Revised Wo Wfor Ttt(Latest)


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  • This presentation assumes a knowledge of Phillip Schlechty’s book Working on the Work or WOW. The definitions of each of the standards can be found in that book.
  • Revised Wo Wfor Ttt(Latest)

    1. 1. Texas Teachers of Tomorrow <ul><li>WOW </li></ul>
    2. 2. Texas Teachers of Tomorrow Using the WOW Framework to Become a WOW Teacher
    3. 3. “ Schools cannot be made great by great teacher performance. They will only be made great by great student performance.” Phillip Schlechty
    4. 4. Pressure to Improve Student Performance <ul><li>Work on Students </li></ul><ul><li>Work on Teachers </li></ul><ul><li>Work on the Work </li></ul>
    5. 5. Work on the Students <ul><li>Teachers have had little success. </li></ul><ul><li>You can cajole them or threaten them and sometimes get compliance, but it does not produce the commitment needed to perform at high levels. </li></ul><ul><li>In the long run, working on the students hasn’t worked. </li></ul>
    6. 6. Work on the Teachers <ul><li>Putting more pressure on the teachers doesn’t work. </li></ul><ul><li>Most teachers are already doing all they know how to do. </li></ul>
    7. 7. Work on the Work <ul><li>Working on the Work – </li></ul><ul><li>The WOW Framework </li></ul><ul><li>The key to school success is to be found in identifying or creating engaging schoolwork for students. </li></ul>
    8. 8. The Nature of Schoolwork <ul><li>Work is a goal-oriented activity and therefore is a purposeful activity. It is intended to produce something of use. </li></ul><ul><li>Schoolwork refers to the tasks, activities, and experiences that teachers design for students and those that teachers encourage students to design for themselves. </li></ul>
    9. 9. <ul><li>Working on the Work entails teachers purposefully creating, designing, identifying, or otherwise making available to students authentically engaging activities, programs, tasks, assignments, and opportunities to practice that result in students learning those things it is determined that students need to learn to be judges well educated. </li></ul>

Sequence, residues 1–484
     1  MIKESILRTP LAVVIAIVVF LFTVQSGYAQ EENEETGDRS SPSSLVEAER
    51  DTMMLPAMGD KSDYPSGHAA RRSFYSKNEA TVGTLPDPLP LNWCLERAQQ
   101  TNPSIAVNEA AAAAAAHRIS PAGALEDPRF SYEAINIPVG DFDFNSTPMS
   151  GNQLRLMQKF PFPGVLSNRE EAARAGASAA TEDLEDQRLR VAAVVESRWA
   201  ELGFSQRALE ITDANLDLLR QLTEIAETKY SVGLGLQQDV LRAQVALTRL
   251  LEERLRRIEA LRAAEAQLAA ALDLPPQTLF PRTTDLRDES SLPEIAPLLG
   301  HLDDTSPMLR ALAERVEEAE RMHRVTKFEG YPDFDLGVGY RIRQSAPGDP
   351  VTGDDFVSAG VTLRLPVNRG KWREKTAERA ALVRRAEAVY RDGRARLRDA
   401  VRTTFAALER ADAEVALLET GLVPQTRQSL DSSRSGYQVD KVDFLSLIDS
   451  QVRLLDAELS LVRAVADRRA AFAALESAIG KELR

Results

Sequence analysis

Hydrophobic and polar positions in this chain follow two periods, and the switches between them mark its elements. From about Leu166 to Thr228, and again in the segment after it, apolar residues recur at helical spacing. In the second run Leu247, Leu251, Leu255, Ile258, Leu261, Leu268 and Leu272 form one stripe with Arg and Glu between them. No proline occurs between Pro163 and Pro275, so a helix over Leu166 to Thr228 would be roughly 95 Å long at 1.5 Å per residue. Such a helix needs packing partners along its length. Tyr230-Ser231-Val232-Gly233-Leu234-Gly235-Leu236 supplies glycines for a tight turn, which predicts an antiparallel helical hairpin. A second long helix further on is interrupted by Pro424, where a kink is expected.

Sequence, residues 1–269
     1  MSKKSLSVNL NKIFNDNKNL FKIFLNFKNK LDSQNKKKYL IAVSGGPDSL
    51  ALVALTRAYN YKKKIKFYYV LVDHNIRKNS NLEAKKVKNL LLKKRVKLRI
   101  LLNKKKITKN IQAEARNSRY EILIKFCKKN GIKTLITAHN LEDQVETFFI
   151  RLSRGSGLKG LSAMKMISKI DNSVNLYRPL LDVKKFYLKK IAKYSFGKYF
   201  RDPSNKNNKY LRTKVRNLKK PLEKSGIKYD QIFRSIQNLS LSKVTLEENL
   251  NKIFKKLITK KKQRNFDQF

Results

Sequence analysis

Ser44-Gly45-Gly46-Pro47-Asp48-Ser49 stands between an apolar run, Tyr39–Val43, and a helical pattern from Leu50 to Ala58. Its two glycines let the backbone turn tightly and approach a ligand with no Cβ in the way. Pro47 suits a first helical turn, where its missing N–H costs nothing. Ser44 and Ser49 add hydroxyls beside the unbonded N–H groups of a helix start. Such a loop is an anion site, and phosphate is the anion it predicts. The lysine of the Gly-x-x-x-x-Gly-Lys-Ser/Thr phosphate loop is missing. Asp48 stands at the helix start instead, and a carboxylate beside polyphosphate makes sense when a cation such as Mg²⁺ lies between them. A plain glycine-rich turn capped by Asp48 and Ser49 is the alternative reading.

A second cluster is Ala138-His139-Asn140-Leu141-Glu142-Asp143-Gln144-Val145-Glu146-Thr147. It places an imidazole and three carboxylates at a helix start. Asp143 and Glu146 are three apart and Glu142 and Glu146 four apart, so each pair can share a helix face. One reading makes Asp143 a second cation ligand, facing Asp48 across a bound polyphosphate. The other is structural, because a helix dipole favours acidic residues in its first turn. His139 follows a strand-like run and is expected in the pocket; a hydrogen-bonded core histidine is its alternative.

10. 10. Basic Assumptions <ul><li>Differences in commitment and attention produce differences in student engagement. </li></ul><ul><li>Differences in the level and type of engagement affect directly the effort that students expend on school-related tasks. </li></ul><ul><li>Effort affects learning outcomes at least as much as does intellectual ability. </li></ul>
    11. 11. Great teachers are great leaders.
    12. 12. The primary function of a leader is to inspire others to do things they might otherwise not do.
    13. 13. What do you need learn? <ul><li>The teacher needs to be skilled in providing students with schoolwork that will engage them and encourage them to direct their efforts in productive ways. </li></ul>
    14. 14. What is Student Engagement ? <ul><li>Students are attentive —not just in attendance </li></ul><ul><li>Students stick with the tasks they have been assigned or encouraged to undertake—they are persistent. They stick with the task until it is completed and completed well . </li></ul><ul><li>Students are committed to the task, activity, or assignment. </li></ul>
    15. 15. What is Student Engagement ? <ul><li>Students invest energy beyond that needed to simply get by. </li></ul><ul><li>Students find some inherent value in what he or she is being asked to do. </li></ul><ul><li>Students do the task with enthusiasm and diligence . </li></ul>